Monday, June 4, 2012

Birthday Birding in Makiling

This year, I was blessed to celebrate my birthday birding in Mt. Makiling. Jops and I, together with friends Jun, Rob, Mark Jason, Leni and Jon J., braved the rainy weather and pushed on with our birding plans.

Welcome the Monsoon
We planned to leave for Laguna by Friday at noon, pick up friends along the way and meet up with Leni at TREES in the University of the Philippines Los Banos (UPLB) campus. Just our luck that a storm signal was raised Thursday evening over Catanduanes, south of Manila, marking the start of the monsoon season. Great. I hoped and prayed for good weather but I didn't expect much sunshine. As we exited the South Luzon Expressway, I got a text from Leni saying that she was entering the UPLB campus and that "the rain was letting up." I crossed my fingers and toes that the rain won't spoil our weekend.

Quails Come to Those Who Wait
We arrived at TREES a little past 3PM and found Leni birding in the area. It was quiet in the area, but we did see a lone Coppersmith Barbet atop the dead tree. After checking in, we proceeded to the DTRI area to bird in the grasslands there and hopefully see some quails. That would be Jops and my first quail species!

Very cloudy view of the grasslands we would bird in (and see some Barred Buttonquails!!!)
It was rainy almost the whole time we were in the area. We stood in a moderately falling rain for almost an hour! But then the rain finally stopped and we saw them: Barred Buttonquails on the dirt road! Lifer! We first saw a male BBQ (Barred Buttonquail) with some chicks on the path, scurrying about, staying close to the edge of the road. We were also treated to amazing  views of two female BBQs, clearly seeing the beautiful barring on their throats and bellies as well as their yellow beaks and amazing rufous necks! We stayed a bit seeing some Oriental Magpie Robins, Bright-capped Cisticolas, a Lesser Coucal and listening to the calls of a Philippine Hawk-Cuckoo that refused to show itself.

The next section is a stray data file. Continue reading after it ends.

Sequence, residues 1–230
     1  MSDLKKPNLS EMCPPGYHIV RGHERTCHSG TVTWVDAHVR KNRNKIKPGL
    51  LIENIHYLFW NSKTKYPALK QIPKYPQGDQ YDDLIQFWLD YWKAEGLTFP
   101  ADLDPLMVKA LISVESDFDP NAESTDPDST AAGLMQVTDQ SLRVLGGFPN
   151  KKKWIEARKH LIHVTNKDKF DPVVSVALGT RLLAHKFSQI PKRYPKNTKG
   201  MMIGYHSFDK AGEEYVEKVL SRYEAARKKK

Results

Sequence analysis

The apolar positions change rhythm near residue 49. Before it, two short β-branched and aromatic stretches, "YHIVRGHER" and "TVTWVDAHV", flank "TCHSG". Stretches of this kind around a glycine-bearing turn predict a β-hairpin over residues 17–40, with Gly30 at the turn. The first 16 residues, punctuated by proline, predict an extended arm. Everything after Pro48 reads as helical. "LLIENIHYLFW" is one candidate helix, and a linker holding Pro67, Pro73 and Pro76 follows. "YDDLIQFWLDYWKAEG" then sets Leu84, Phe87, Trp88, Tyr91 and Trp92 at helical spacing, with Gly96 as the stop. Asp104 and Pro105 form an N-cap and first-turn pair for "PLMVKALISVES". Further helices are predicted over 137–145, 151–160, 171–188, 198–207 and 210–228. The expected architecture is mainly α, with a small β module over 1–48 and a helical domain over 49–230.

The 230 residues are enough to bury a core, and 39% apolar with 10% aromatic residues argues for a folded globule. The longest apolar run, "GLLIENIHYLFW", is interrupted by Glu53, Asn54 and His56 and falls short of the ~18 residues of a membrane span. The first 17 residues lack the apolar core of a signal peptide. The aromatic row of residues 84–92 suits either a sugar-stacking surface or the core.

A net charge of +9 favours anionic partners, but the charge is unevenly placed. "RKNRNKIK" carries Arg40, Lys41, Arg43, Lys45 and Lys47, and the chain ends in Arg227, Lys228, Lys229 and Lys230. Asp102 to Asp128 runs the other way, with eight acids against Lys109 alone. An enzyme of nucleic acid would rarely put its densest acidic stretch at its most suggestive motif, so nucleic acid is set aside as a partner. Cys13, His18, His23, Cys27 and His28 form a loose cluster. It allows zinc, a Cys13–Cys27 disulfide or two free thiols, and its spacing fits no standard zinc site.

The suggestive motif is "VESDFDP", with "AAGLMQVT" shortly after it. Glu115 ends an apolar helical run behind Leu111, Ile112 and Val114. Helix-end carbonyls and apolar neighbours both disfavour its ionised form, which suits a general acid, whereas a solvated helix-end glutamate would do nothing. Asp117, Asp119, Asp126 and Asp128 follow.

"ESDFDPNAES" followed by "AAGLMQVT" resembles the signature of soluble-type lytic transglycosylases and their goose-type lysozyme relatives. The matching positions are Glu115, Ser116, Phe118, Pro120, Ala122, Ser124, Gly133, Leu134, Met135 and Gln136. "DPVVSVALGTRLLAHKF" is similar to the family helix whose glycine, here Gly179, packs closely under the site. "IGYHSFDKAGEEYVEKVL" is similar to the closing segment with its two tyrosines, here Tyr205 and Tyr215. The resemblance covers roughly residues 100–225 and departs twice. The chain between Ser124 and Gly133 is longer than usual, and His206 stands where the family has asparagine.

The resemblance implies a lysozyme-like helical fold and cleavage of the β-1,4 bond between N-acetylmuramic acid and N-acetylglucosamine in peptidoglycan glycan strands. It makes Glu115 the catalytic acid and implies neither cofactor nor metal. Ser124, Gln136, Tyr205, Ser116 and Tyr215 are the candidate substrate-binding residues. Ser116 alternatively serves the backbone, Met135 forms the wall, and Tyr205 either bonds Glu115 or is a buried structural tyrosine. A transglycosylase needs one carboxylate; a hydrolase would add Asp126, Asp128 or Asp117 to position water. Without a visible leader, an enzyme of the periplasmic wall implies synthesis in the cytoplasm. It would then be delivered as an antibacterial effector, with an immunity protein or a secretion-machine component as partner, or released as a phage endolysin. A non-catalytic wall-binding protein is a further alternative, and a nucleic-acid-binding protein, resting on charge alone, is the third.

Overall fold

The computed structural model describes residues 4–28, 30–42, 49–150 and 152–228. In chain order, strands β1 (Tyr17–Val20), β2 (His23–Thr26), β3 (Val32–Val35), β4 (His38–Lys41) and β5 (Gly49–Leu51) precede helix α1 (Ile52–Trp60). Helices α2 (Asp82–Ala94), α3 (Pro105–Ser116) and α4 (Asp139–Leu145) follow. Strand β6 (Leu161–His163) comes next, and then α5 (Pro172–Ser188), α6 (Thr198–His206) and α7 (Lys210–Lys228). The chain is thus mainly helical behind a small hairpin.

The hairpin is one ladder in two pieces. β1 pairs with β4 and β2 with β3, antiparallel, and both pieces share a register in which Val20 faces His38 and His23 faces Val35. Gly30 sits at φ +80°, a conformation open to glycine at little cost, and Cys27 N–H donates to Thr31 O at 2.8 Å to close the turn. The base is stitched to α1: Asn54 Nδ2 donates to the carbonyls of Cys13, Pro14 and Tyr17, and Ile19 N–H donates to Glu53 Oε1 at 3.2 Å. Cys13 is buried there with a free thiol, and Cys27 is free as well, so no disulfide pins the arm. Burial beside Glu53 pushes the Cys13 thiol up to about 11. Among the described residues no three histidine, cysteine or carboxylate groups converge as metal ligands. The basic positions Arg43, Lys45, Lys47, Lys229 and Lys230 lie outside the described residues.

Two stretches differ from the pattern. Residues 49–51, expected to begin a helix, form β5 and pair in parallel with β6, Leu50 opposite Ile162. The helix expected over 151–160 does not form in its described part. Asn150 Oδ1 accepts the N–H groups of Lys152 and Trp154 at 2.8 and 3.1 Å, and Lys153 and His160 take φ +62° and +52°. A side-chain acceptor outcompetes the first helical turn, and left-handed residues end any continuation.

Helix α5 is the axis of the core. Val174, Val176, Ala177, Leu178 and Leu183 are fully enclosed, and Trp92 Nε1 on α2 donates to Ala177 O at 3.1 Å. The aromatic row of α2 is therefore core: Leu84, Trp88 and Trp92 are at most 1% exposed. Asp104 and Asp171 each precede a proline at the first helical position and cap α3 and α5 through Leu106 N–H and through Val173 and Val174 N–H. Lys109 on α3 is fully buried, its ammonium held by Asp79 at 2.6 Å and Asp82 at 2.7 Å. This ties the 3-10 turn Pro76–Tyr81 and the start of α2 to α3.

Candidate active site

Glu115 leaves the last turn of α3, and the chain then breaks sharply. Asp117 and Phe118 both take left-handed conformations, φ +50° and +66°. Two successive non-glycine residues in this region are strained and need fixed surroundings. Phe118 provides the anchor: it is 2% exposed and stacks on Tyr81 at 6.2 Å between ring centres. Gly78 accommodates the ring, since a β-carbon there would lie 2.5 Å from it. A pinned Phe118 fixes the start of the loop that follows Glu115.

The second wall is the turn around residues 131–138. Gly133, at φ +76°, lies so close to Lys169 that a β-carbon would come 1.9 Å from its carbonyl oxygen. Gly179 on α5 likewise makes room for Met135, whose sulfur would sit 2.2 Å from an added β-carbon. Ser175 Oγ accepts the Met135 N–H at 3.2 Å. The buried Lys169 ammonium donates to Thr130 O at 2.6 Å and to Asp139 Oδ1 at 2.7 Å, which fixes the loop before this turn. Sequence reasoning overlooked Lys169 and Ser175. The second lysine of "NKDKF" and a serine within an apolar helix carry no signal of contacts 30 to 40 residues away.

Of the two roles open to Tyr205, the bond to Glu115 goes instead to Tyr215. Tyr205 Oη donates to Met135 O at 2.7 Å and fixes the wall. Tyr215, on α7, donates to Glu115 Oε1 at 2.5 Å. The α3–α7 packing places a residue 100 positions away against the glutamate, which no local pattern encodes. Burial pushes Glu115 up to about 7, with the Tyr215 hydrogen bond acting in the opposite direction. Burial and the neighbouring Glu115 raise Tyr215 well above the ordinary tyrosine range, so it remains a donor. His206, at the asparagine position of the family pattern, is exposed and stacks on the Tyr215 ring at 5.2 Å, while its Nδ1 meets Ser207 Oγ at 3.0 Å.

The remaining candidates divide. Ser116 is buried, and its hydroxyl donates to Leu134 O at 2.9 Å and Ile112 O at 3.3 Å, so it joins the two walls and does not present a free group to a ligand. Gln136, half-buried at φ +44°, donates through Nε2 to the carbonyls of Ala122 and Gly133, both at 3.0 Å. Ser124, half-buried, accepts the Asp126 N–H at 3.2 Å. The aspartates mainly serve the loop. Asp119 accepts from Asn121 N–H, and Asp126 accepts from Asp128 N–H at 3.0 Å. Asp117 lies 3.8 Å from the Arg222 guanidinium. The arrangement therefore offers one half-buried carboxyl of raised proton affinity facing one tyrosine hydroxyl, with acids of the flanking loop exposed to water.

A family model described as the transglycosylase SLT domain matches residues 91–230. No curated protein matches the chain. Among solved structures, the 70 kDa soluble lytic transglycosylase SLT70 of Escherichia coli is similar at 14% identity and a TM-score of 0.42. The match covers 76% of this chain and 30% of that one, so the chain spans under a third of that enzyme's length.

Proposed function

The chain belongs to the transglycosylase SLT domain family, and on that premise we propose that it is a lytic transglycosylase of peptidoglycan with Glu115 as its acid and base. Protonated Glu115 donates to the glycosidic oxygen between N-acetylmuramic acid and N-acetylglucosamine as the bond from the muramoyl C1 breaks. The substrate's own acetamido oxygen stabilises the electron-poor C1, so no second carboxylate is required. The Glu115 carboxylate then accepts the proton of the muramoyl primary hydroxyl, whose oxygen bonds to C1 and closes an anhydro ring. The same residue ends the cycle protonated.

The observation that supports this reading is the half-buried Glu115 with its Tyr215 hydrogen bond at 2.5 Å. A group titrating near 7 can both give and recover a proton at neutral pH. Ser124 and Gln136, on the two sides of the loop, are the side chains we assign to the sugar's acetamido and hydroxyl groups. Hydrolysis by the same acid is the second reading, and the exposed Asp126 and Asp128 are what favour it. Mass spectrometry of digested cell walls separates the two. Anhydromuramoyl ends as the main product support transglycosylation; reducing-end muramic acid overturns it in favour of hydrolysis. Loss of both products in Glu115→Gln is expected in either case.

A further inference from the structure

Dinner with Paul
We headed back to TREES and prepared to go out for dinner and some owling afterwards. We met up with fellow birder Paul Bourdin at the Thai restaurant just outside the UPLB campus. Over good food and great company, we exchanged stories about birds and birding =)

Happy birders getting ready for a Thai dinner =)

It was also a celebratory meal for getting
excellent views of the Barred Buttonquails!
 

Owling Time
After dinner, we said goodbye to Paul and our group headed back to TREES to try and spot some owls. As we headed out into the night, a soft rain started to fall. It came together with the loud calls of some Philippine Hawk-Owls!

Birders in the night, looking and listening for owls =)
The Hawk-Owls were calling from almost all sides! It was amazing hearing their different calls... and they call so loudly! Finally we saw them! At first we saw one, then two, and amazingly three Philippine Hawk-Owls chasing each other in the canopy of the tree above us! It was such a great display for all of us! When finally the owls "settled down" we were able to observe one of the owls who perched in the open for a few minutes.

This is a photo of two of the Philippine Hawk-Owls we saw.
Rob took this picture and shared it with me for my birthday! Thank you, Rob!